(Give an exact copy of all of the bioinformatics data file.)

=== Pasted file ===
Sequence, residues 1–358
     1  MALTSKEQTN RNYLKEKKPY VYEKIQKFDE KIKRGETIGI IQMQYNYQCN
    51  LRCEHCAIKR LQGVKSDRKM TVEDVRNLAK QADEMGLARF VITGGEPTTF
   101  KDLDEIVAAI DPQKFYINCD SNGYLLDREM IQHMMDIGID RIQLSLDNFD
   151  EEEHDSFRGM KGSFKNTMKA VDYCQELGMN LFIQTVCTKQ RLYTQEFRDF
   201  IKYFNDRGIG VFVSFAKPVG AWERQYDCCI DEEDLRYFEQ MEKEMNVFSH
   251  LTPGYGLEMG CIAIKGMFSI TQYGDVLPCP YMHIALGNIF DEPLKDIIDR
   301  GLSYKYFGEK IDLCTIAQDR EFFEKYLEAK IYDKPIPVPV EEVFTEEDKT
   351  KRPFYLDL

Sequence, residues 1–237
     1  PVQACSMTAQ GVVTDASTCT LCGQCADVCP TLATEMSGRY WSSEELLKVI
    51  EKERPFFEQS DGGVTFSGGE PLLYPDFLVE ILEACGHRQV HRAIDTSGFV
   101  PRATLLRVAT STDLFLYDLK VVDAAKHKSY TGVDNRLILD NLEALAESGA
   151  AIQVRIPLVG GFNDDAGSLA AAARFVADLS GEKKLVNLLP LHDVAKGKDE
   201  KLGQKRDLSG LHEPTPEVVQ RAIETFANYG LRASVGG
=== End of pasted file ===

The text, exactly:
Sequence, residues 1–358
     1  MALTSKEQTN RNYLKEKKPY VYEKIQKFDE KIKRGETIGI IQMQYNYQCN
    51  LRCEHCAIKR LQGVKSDRKM TVEDVRNLAK QADEMGLARF VITGGEPTTF
   101  KDLDEIVAAI DPQKFYINCD SNGYLLDREM IQHMMDIGID RIQLSLDNFD
   151  EEEHDSFRGM KGSFKNTMKA VDYCQELGMN LFIQTVCTKQ RLYTQEFRDF
   201  IKYFNDRGIG VFVSFAKPVG AWERQYDCCI DEEDLRYFEQ MEKEMNVFSH
   251  LTPGYGLEMG CIAIKGMFSI TQYGDVLPCP YMHIALGNIF DEPLKDIIDR
   301  GLSYKYFGEK IDLCTIAQDR EFFEKYLEAK IYDKPIPVPV EEVFTEEDKT
   351  KRPFYLDL

Sequence, residues 1–237
     1  PVQACSMTAQ GVVTDASTCT LCGQCADVCP TLATEMSGRY WSSEELLKVI
    51  EKERPFFEQS DGGVTFSGGE PLLYPDFLVE ILEACGHRQV HRAIDTSGFV
   101  PRATLLRVAT STDLFLYDLK VVDAAKHKSY TGVDNRLILD NLEALAESGA
   151  AIQVRIPLVG GFNDDAGSLA AAARFVADLS GEKKLVNLLP LHDVAKGKDE
   201  KLGQKRDLSG LHEPTPEVVQ RAIETFANYG LRASVGG